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squint like a bag of nails

To squint one's eyes severely. She definitely needs glasses—she's been squinting like a bag of nails all day.
See also: bag, like, nail, of, squint

squint at (someone or something)

To purse one's eyelids half-shut while looking at someone or something. If you squint at Sarah, you might just mistake her for her mother. I've been squinting at this fine print for nearly 10 minutes trying to read it all.
See also: squint

squint out (of) (something)

To purse one's eyelids half-shut while looking outward through an eye, opening, or apparatus. It was so steamy in the room that I spent the whole time squinting out of foggy glasses. She squinted out the window, trying to catch a glimpse of the movie star in the dazzling sunshine. My left eye is totally blind, so if I forget to wear my glasses, I have to squint out of my right eye to see anything at all.
See also: out, squint

squint at someone or something

to look at someone or something with the eyes partly closed. (When squinting, the eyes are partly closed by pressing the upper and lower eyelids toward one another.) Why are you squinting at me? I had to squint at the small print in order to read it.
See also: squint

squint out of something

1. to cast one's gaze from something, such as a place of concealment, with one's eyes partly closed. The prisoner squinted out of the little hatch in the door to his cell. You could see that many people were squinting out of the windows, trying to get a good view of the movie star who was visiting.
2. to cast one's gaze through something, such as glasses, one eye, etc., with one's eyes partly closed. she squinted out of one eye in the bright sun. Tony squinted out of his glasses and his mother decided that he needed to have his eyes checked again.
See also: of, out, squint
References in periodicals archive ?
As a short-sighted, squinty youth, I wore a pair of brown NHS specs, which some of my school contemporaries led me to believe were less than fashionable and therefore diminished me somewhat in their (perfect) eyes.
The sights though, are squinty, teensy and terrible.
Like that fella who always plays the redneck sheriff with the squinty eyes in straight-to video-nonsense.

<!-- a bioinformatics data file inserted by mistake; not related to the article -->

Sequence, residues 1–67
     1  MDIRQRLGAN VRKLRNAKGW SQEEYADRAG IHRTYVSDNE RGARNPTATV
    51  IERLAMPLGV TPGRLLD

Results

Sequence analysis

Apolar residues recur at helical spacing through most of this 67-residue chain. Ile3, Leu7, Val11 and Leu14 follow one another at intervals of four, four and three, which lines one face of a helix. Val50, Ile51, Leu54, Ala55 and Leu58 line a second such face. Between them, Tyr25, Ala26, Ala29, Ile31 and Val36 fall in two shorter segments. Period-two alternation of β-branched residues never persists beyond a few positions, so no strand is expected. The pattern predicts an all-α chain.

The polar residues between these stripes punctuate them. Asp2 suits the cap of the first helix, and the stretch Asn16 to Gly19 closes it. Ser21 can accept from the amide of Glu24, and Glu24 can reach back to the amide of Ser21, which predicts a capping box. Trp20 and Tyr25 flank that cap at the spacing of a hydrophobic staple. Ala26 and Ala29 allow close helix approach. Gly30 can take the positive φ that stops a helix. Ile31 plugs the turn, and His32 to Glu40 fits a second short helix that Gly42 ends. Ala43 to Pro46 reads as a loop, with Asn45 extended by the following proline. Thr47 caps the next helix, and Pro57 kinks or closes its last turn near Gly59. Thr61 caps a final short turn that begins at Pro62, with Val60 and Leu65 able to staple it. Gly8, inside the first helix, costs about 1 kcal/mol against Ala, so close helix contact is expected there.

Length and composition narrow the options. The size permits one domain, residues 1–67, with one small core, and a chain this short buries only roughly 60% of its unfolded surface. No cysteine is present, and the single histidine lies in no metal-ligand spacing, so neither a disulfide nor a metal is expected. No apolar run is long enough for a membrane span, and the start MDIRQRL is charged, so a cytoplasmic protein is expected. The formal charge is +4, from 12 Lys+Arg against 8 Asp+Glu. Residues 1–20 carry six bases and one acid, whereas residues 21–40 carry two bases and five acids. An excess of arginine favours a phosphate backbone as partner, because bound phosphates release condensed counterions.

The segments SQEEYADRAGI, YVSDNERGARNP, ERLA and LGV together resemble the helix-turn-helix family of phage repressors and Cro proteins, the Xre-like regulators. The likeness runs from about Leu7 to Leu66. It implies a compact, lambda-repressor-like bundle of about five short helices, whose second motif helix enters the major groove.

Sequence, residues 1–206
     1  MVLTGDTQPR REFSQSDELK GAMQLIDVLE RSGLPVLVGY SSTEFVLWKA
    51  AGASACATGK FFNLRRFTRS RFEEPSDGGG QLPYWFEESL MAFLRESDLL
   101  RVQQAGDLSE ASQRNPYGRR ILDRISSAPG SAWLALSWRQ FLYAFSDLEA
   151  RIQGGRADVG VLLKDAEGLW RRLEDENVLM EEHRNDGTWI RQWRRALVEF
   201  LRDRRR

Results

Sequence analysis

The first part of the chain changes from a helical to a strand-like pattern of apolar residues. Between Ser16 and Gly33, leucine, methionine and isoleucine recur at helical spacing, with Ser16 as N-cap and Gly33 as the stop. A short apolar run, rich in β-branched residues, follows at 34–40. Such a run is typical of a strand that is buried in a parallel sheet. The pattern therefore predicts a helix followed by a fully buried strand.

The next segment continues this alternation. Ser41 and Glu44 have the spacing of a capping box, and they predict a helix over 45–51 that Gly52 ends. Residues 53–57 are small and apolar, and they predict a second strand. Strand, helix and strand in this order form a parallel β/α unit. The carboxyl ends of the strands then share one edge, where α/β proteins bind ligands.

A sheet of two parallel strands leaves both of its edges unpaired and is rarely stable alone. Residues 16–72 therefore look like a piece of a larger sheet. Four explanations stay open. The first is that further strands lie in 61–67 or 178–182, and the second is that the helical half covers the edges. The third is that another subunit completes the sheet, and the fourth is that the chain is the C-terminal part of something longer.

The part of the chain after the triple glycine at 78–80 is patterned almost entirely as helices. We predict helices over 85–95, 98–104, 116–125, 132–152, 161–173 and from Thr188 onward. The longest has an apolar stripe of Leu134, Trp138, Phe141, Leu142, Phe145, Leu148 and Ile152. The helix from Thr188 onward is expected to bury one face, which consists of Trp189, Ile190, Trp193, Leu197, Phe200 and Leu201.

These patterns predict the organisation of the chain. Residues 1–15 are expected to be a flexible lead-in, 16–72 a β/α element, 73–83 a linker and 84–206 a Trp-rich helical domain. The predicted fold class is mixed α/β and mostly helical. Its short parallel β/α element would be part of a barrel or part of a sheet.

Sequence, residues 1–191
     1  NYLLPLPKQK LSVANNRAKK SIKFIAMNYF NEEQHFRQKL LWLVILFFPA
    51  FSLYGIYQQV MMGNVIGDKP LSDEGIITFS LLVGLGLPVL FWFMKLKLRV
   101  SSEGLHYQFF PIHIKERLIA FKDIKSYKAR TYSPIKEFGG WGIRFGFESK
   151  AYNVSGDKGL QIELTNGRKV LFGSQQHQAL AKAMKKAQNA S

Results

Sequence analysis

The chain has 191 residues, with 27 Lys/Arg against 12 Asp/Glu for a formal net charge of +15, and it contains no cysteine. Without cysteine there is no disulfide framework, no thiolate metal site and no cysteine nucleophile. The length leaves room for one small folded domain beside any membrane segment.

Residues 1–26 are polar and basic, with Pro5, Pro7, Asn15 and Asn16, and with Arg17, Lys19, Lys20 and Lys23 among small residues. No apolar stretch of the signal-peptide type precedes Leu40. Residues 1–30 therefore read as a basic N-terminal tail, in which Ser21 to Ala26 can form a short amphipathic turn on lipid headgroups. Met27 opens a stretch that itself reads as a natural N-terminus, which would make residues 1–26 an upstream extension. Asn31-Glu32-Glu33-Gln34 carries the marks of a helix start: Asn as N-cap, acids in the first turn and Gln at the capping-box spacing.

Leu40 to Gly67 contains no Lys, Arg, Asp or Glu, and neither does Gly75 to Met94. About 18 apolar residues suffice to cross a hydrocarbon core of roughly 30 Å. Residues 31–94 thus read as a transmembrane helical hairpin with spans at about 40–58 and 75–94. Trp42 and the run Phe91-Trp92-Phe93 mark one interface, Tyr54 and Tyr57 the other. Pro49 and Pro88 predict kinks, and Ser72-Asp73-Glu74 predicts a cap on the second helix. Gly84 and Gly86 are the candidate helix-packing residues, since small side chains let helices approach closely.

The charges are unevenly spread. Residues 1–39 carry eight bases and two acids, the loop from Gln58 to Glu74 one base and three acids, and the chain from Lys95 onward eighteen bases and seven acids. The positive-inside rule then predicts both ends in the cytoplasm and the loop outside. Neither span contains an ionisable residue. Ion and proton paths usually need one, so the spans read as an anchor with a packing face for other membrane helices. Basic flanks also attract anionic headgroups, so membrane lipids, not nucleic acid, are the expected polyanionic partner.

POOR little scaredy cat Squinty was so frightened of people that it seemed she would never find a real home of her own.
High Times, that canon of squinty eyes and uncontrollable giggling, has finally recognized our sports' finest among its ranks with a story on "Extreme Stoners" and a Stacy Peralta/Tony Alva interview in its latest issue.
But while they tend to describe Handgun Control's Sarah Brady in positive terms like indefatigable, effective, and courteous, they use words like portly, sweaty, and squinty for NRA officials.
Their video features landmarks such as the Squinty Bridge and the Armadillo.
Motorists voiced frustration over long queues forming at each end of Glasgow's Squinty Bridge as 50 per cent of the roadway lay vacant.
According to the immunocompetence handicap hypothesis, macho features like a strong jaw and squinty eyes advertise that a guy possesses high testosterone but since high levels of this masculinizing hormone interfere with the immune system, the theory goes, macho men must be extra-fit to withstand the handicap their extra testosterone confers.
Never bet with a guy you met on the first tee who has a deep tan, a one-iron in his bag and squinty eyes.
Avoid the midday sun This is possibly the most unflattering light to take pictures in; it makes everyone squinty, accentuates any unwanted extra curves and will give the effect of a moustache because of the shadow under your nose.
IRELAND of old was populated with the likes of Magnus Barelegs, Faithful Fortescue, Cloudesley Shovell and Sitric the Squinty.
He said: "It's an unusual image as it captures Glasgow landmarks such as the SSE Hydro, Clyde Auditorium and the Squinty Bridge.
He's got straight black hair and he's got squinty eyes and yellow skin," the Telegraph.